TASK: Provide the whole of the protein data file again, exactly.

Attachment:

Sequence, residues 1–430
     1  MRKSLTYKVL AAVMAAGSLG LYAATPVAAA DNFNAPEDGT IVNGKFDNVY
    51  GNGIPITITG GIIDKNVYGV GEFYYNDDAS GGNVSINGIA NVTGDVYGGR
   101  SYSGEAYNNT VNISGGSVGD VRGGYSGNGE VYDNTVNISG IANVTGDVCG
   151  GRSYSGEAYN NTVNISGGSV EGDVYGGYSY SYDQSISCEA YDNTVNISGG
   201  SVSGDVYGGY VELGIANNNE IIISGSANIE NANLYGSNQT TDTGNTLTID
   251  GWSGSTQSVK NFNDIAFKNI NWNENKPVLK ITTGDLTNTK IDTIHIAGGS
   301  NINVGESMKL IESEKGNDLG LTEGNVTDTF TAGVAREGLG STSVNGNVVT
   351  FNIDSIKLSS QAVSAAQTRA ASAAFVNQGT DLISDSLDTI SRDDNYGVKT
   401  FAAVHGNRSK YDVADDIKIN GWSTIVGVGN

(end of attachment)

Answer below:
Sequence, residues 1–430
     1  MRKSLTYKVL AAVMAAGSLG LYAATPVAAA DNFNAPEDGT IVNGKFDNVY
    51  GNGIPITITG GIIDKNVYGV GEFYYNDDAS GGNVSINGIA NVTGDVYGGR
   101  SYSGEAYNNT VNISGGSVGD VRGGYSGNGE VYDNTVNISG IANVTGDVCG
   151  GRSYSGEAYN NTVNISGGSV EGDVYGGYSY SYDQSISCEA YDNTVNISGG
   201  SVSGDVYGGY VELGIANNNE IIISGSANIE NANLYGSNQT TDTGNTLTID
   251  GWSGSTQSVK NFNDIAFKNI NWNENKPVLK ITTGDLTNTK IDTIHIAGGS
   301  NINVGESMKL IESEKGNDLG LTEGNVTDTF TAGVAREGLG STSVNGNVVT
   351  FNIDSIKLSS QAVSAAQTRA ASAAFVNQGT DLISDSLDTI SRDDNYGVKT
   401  FAAVHGNRSK YDVADDIKIN GWSTIVGVGN